I had a bad case of deja lu when I started to read The Reader – a nagging feeling that I'd read it before.
It's possible – the book (which has just been made into a film that could give Kate Winslet her first Oscar) was published over 10 years ago and my memory isn't always the best.
Or it could be that it's the second recently-filmed book about the Holocaust that I've read in as many months after The Boy In The Striped Pyjamas, which I also really enjoyed (if that's the right word).
However, if I have read it before, I certainly didn't finish it as the ending still came as a surprise to me.
And, short of losing my copy of the book, I don't know why I would not have read it to the end because The Reader is an absorbing (and short) story full of important moral questions on issues of guilt, love, individual responsibility etc.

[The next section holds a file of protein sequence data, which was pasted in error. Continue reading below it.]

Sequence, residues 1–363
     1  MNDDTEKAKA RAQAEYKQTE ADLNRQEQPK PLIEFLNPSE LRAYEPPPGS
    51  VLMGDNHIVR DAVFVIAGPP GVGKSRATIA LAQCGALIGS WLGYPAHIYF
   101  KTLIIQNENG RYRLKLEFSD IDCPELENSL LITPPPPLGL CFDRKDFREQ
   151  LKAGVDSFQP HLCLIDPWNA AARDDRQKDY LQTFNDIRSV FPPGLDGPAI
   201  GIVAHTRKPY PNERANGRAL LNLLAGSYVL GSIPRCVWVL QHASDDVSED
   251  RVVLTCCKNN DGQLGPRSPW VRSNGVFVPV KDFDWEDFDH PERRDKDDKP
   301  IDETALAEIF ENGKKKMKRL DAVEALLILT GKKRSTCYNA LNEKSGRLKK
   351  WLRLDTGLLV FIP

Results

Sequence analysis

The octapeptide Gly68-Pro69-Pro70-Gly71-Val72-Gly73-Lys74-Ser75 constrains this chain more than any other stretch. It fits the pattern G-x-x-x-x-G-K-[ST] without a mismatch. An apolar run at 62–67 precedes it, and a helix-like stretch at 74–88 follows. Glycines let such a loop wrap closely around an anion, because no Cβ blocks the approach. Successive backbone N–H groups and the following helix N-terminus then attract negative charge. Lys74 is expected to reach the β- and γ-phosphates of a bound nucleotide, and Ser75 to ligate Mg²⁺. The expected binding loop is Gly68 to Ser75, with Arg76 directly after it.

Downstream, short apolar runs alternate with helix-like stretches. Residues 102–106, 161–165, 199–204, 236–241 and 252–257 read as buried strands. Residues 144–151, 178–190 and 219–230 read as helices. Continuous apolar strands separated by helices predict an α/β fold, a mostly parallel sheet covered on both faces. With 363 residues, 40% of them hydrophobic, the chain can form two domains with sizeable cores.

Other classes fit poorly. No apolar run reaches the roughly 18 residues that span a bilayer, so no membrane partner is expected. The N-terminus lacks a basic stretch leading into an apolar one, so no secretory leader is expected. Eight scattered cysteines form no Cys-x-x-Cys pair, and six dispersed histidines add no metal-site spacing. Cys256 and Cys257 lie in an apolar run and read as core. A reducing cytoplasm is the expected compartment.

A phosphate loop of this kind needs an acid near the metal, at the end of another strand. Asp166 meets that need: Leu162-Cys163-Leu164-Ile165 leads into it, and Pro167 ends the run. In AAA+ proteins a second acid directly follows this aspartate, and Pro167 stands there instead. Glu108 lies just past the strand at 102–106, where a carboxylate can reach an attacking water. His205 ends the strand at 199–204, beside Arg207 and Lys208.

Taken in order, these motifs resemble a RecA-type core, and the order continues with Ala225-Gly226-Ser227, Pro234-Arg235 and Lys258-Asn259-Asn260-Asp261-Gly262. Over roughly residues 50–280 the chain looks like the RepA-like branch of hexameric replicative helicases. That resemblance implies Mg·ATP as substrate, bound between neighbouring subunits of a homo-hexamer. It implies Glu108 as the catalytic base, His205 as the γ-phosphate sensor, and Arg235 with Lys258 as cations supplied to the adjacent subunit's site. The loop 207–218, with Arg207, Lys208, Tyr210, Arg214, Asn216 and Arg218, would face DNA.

The story revolves around Michael Berg, who as a teenager embarks on a short but passionate affair with an older woman called Hanna, a component of which is that he reads aloud to her before they have sex.
Hanna mysteriously disappears from Michael's life one day, only to reappear years later as a defendant in a trial where Michael learns of his former lover's terrible past as an SS guard.
Written by a German of the post-War generation – Bernhard Schlink was born in 1944 – it is obviously in part an attempt by Germans to come to terms with their Nazi past.
But it is beautifully written and about things that are relevant to all of us.